Application security, Incident Response, Malware, TDR

W97M/Downloader macro malware grows even more deceptive

McAfee Labs has discovered a new deceptive technique that developers of the Word macro Trojan known as W97M/Downloader are using to avoid detection.

According to an Intel Security/McAfee blog post, researchers found a variant of W97M/Downloader that builds off the already established tactic of hiding itself in Microsoft Office XML documents that contain compressed MSA Active Mime objects, which in turn extract encrypted OLE objects that automatically execute the malicious macro code.

The new variant adds two brand new layers of trickery. First, the “malicious XML document is now hidden in a multipart MIME object distributed as .RTF or .DOC files that arrive via phishing or spam emails,” the blog post explains. Secondly, the code that downloads and executes the final malware payload is not actually located in the macro, but rather in a very small (and thus difficult to spot) TextBox 1 object embedded in a form object. This final payload is a form of Dridex banking malware, which steals users' online banking credentials. Microsoft Office users can help protect themselves by disabling macros, McAfee advises.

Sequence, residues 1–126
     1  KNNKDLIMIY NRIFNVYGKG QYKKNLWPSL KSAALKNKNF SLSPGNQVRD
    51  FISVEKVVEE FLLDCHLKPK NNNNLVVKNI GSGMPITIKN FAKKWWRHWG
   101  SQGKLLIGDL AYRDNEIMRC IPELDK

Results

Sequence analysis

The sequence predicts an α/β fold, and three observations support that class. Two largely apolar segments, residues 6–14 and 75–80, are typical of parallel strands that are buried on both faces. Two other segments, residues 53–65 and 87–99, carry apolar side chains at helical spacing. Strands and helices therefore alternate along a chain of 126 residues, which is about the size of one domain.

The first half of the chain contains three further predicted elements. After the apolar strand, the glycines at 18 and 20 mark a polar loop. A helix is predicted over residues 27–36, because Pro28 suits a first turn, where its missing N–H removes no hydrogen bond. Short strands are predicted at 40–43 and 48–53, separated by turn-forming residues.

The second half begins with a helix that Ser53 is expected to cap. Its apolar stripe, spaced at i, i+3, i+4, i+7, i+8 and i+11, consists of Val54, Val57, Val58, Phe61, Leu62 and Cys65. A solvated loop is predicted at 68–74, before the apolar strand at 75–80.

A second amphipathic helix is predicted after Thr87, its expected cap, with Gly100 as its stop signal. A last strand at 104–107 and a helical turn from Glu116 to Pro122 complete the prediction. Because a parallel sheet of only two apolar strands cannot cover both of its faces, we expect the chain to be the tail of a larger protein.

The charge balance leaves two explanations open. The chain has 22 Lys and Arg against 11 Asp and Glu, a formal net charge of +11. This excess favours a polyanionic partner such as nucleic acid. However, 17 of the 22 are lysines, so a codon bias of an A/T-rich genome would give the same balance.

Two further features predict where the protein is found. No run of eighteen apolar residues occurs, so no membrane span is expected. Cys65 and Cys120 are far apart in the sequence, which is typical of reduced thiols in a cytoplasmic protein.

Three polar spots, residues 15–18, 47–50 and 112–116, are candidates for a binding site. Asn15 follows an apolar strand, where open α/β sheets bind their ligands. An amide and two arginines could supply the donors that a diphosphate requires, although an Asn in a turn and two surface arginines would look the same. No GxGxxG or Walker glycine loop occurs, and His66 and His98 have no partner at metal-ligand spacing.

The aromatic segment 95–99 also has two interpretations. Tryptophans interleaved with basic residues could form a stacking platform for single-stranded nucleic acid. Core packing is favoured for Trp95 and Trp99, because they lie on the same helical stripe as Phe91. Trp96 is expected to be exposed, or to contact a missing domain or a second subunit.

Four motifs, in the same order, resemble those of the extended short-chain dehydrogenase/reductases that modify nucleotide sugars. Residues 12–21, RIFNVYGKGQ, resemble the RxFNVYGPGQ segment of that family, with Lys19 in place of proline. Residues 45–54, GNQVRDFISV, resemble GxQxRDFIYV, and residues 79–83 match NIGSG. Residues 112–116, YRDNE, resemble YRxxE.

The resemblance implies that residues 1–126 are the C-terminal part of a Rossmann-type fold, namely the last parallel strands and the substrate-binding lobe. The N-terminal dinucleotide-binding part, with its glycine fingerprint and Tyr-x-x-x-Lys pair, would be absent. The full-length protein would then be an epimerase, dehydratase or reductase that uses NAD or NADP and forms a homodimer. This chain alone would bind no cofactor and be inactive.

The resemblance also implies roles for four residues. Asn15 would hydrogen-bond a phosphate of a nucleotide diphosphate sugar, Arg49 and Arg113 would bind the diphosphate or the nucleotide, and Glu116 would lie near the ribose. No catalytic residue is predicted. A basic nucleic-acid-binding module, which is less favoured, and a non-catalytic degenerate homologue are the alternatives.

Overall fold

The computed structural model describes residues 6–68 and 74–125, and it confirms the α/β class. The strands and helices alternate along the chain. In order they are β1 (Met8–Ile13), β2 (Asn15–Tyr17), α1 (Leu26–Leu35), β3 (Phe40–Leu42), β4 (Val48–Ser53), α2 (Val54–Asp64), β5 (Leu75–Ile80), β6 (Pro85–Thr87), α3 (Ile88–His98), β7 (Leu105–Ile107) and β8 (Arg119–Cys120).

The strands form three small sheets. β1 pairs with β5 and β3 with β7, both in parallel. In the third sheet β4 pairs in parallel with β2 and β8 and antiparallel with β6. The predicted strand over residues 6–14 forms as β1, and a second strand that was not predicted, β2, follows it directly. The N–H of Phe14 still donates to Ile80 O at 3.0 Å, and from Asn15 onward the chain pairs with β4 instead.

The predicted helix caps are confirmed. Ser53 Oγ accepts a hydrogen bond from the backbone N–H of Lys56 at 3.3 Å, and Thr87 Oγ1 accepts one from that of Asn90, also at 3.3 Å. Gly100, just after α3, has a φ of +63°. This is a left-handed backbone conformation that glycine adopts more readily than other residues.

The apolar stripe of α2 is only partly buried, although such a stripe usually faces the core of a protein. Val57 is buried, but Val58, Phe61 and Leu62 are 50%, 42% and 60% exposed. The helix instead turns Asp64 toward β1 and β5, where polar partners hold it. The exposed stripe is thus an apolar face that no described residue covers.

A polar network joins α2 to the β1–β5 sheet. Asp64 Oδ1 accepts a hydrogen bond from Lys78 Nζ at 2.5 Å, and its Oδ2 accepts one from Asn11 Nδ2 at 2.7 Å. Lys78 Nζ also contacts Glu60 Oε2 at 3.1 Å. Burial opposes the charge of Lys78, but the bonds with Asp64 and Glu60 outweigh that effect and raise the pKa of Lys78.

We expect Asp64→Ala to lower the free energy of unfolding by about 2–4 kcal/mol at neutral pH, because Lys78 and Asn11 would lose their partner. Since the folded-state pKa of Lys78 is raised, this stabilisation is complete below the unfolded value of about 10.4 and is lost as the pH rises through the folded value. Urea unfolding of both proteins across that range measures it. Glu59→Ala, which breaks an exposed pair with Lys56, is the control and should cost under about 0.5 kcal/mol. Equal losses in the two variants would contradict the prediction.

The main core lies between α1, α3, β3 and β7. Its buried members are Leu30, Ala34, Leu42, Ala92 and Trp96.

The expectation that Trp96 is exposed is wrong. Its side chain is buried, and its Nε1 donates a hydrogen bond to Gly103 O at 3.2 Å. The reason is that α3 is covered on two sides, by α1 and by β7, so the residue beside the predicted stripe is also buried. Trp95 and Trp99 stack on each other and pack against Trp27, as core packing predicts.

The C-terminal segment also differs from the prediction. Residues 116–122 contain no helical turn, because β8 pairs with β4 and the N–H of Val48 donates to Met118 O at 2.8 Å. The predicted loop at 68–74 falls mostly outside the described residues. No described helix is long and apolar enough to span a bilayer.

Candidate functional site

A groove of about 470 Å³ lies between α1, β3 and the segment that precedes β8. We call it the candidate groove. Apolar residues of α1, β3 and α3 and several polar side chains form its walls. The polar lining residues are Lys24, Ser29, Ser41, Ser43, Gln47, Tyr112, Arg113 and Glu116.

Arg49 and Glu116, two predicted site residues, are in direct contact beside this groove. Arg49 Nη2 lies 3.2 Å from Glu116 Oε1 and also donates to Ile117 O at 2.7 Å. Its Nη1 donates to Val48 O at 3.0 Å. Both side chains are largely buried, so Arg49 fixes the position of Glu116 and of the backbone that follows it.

Bradley Barth

As director of community content at CyberRisk Alliance, Bradley Barth develops content for SC Media online conferences and events, as well as video/multimedia projects. For nearly six years, he wrote and reported for SC Media as deputy editor and, before that, senior reporter. He was previously a program executive with the tech-focused PR firm Voxus. Past journalistic experience includes stints as business editor at Executive Technology, a staff writer at New York Sportscene and a freelance journalist covering travel and entertainment. In his spare time, Bradley also writes screenplays.

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